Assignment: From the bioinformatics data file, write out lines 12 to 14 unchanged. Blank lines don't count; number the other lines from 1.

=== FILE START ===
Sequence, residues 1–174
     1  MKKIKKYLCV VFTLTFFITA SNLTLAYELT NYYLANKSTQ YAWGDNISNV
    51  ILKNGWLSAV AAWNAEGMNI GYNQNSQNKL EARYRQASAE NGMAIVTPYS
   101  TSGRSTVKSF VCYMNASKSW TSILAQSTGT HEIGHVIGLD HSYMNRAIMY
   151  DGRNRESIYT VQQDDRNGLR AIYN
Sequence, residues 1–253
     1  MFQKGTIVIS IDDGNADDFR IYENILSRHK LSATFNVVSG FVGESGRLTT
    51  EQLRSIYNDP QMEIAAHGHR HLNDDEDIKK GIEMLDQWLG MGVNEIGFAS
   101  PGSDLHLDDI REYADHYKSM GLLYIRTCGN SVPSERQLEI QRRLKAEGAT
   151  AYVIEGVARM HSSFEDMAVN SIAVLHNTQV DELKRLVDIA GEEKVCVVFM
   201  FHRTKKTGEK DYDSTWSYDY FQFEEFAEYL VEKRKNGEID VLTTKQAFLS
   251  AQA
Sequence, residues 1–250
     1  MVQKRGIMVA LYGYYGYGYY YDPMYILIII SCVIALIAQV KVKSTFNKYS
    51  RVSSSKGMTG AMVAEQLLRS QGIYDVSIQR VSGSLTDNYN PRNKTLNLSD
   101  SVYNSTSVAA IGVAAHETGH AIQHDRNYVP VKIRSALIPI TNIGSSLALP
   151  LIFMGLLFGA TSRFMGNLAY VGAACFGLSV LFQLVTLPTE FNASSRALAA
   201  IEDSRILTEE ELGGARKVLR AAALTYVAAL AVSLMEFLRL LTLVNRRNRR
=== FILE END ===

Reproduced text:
   251  AQA
Sequence, residues 1–250
     1  MVQKRGIMVA LYGYYGYGYY YDPMYILIII SCVIALIAQV KVKSTFNKYS